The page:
1. Figure out what it takes to get where you are from one (usually the lower) extreme.
If all the money were invested at 6%, the interest would be .06*4000 = 240. The alternate investment (7%) pays an additional dollar of interest for each 100 dollars invested. Harry's return is 264 - 240 = 24 dollars more than the lower extreme, so he must have invested 24*100 = 2400 dollars at 7%. (You can do that in your head.)
2. Figure out the proportion invested at each rate. A convenient way to do this is to draw a sort of X diagram. For it to work, you need to know the actual average rate achieved, or you need to know what would have been returned had the entire investment been done at one rate. The first of these first. The actual average rate is $264/$4000*100% = 6.6%. Our X diagram looks like this, where the numbers on the right are the diagonal differences between the center and the numbers on the left.
These tell us that the proportion of the investment at 7% is (.6%)/(.6% + .4%) = 6/(6+4) = 6/10.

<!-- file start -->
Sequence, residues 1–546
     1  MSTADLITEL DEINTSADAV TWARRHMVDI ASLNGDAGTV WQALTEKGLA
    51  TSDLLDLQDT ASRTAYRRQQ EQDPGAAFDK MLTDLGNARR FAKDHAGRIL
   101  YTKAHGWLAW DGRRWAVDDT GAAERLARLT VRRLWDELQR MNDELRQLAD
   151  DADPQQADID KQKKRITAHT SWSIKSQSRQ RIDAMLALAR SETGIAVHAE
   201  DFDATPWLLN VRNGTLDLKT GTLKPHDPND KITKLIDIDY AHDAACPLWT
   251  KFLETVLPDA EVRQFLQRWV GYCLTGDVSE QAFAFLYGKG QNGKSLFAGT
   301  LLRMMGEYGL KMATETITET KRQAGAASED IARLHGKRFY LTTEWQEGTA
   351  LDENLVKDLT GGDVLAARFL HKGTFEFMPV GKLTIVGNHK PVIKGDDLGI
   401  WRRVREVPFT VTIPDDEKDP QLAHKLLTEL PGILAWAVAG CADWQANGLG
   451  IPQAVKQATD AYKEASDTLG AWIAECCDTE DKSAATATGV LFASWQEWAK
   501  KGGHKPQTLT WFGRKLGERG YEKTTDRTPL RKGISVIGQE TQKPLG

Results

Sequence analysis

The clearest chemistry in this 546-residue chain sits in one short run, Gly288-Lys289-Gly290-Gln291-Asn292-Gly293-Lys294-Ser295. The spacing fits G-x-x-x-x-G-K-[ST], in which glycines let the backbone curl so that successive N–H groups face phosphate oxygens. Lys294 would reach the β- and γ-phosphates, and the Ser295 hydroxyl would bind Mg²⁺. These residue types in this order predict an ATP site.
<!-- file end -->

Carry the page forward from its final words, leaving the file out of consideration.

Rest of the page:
The amount associated with that proportion is $4000*(6/10) = $2400. (same as above)
I have left the units in the difference numbers .6% and .4%. All you need to recognize is their relative size: 6 to 4, with the 6 (top number) being associated with the 7% investment (top interest rate).
The alternate way to draw the X diagram uses the interest that would have been achieved at each rate.
$4000*7% = $280 24
$4000*6% = $240 16
The proportion at 7% is (24)/(24+16) = 24/40 = 6/10, as above.
3. Write the equation. Usually, you will form the equation in terms of the amount you are looking for, and the result of doing the mix. We will let "x" represent our seven percent investment amount, and write an equation telling us the total interest received.
7%*x + 6%*(4000 - x) = 264
x(7% - 6%) + 240 = 264
x/100 = 264 - 240
x = 24*100 = 2400
$2400 was invested at the 7% rate.
Note that this is very similar to our word description of how to work the problem as given in solution number 1. That's the way is will work out if the variable is associated with the amount invested at the higher interest rate.